New Stadiums Compete for Best In-Game Experience

New Stadiums Compete for Best In-Game Experience

In the NFL, your home games had better feel like home games.

NFL teams, in response to a shift in fan behavior that values comfort, web/data access and an interest in stats and other game updates, must transform their in-stadium experience to accommodate that, or risk the hit they will take at the gate.

Often, new stadiums and hefty facility upgrades are the answers for keeping up with the Joneses – or at least accounting for comprehensive TV coverage and the proliferation of fantasy sports.

The need for stadium facelifts isn’t just a matter of economics; they might well determine a franchise’s survival in a town. With stadiums in disrepair (Minnesota), Super Bowl bids being rejected (San Diego) and facilities stuck in the 80s (Oakland), the message is clear: Upgrade, or risk lose your team.

The message has been heard by the 49ers, who will move into their high-tech, web-rich new stadium in Santa Clara next year. Ditto the Atlanta Falcons, who failed to secure funding in 2005 in a bid to host a Super Bowl, and now have plans to replace the Georgia Dome.

A report counts 12 of 31 NFL stadiums (the Giants and Jets share) with Wi-Fi capability. That means 19 other stadiums lag behind in a basic need: Internet access.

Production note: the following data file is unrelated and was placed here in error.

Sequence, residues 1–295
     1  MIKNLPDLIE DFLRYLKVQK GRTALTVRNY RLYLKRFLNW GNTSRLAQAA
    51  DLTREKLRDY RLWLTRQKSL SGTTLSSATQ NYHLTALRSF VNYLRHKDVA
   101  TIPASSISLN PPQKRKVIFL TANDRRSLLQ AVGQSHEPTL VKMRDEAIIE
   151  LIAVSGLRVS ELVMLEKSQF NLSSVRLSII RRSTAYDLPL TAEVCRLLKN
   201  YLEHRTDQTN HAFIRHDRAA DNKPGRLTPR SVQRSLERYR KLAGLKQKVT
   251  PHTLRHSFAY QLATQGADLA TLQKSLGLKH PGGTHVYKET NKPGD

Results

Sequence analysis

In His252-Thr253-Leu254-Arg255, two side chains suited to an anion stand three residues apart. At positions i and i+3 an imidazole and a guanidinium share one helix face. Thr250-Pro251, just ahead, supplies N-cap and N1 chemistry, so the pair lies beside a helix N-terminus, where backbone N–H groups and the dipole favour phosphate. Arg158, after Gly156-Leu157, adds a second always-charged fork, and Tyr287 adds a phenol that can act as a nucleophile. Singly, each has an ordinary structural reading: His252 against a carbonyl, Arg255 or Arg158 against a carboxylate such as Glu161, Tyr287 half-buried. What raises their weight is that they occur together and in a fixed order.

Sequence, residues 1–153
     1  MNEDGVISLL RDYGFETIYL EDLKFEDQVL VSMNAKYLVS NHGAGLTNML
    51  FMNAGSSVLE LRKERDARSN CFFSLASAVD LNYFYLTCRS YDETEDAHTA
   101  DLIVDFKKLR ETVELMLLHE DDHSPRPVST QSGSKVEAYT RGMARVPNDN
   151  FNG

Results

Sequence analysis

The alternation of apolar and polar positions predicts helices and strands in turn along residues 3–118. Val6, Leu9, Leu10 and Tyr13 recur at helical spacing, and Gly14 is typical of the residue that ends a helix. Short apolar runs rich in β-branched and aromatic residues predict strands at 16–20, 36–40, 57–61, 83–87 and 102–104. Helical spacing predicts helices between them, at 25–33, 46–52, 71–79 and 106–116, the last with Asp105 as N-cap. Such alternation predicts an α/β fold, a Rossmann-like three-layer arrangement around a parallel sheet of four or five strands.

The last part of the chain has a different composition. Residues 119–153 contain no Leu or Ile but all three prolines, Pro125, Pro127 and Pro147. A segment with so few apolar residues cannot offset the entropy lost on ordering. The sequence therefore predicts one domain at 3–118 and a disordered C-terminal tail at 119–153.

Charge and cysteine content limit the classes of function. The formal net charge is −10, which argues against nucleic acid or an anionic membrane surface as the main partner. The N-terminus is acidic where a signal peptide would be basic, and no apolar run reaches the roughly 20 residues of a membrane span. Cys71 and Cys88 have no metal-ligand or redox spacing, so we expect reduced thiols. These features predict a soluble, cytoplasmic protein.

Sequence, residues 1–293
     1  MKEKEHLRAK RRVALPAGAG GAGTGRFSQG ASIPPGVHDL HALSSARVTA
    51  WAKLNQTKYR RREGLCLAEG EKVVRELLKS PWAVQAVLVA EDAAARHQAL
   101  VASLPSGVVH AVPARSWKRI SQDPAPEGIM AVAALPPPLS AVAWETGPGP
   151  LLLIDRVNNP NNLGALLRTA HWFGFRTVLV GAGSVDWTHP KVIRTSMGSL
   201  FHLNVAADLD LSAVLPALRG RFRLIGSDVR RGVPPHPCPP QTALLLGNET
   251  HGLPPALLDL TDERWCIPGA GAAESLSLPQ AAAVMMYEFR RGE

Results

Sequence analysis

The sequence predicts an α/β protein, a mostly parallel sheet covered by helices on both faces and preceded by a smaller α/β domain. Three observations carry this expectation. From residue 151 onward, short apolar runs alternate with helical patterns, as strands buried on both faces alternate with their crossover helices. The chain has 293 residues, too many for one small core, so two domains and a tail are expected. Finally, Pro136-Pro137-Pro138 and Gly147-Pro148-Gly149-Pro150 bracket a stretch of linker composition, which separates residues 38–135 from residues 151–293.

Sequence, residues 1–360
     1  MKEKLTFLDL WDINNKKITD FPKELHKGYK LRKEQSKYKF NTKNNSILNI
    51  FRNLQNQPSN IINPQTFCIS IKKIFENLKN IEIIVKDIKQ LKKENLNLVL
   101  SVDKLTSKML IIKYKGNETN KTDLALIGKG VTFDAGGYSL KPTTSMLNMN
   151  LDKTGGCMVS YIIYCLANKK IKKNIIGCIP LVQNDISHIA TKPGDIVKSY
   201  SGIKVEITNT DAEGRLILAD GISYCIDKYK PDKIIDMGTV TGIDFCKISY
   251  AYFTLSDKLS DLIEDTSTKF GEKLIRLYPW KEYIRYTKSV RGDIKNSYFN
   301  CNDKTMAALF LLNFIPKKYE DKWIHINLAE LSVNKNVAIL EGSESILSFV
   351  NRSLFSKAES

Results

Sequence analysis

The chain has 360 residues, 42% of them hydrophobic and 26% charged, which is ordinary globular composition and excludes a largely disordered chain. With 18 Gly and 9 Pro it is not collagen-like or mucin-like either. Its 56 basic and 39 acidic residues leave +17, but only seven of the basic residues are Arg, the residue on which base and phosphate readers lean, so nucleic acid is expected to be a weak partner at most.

Two stadiums – the Dallas Cowboys’ AT&T Stadium and the Detroit Lions’ Ford Field – represent an effort to meld the old-school stadium experience with the amenities sports fans need today.

AT&T Stadium vs. Ford Field: Who has the edge?

The Dallas Cowboys and Detroit Lions – traditional hosts for Thanksgiving Day football games – play in relatively new stadiums. Here’s a look at the game-day experience in each:

Cowboys AT&T Stadium

Even from club-level seating, it’s tough to take your eyes off that 2,100-foot super scoreboard in the middle of this jewel. The team has bolstered its kids’ area, and opens its doors four hours before kickoff to entertain a "Cowboys Tailgate Party" with food and drink specials and live music.

The new Cowboys mobile apps give fans access to more stats and radio broadcasts, perfect for fans as they root for the Cowboys, but play fantasy football with players on the 49ers, Patriots and Cardinals.

Lions Ford Field

The Lions’ home since 2002 fuses a modern feel and tradition – a six-story warehouse, circa 1920s, houses most of the stadium’s suites. Ford Field has two LED-digital-video boards, 97 feet by 27 feet. The Lions sponsor pregame parties outside the stadium, and increased local food to the stadium food fare.

A partnership with Verizon gives Lions fans access to free Wi-Fi.

The verdict

Local food vendors, wireless access and the concession that fans will want to go where it feels like home all made AT&T Stadium and Ford Field winners in the stadium race. Both facilities carry on traditions such as singing the Lions’ fight song after every touchdown, while giving fans a way to update social media with photos from their seats and update their fantasy lineups.

And that feels a lot like home

Paul Holmes is a husband, father of 2 and diehard Carolina Panthers Fan. When he’s not chasing kids or applying body paint, he free-lances in the gaming and entertainment space.

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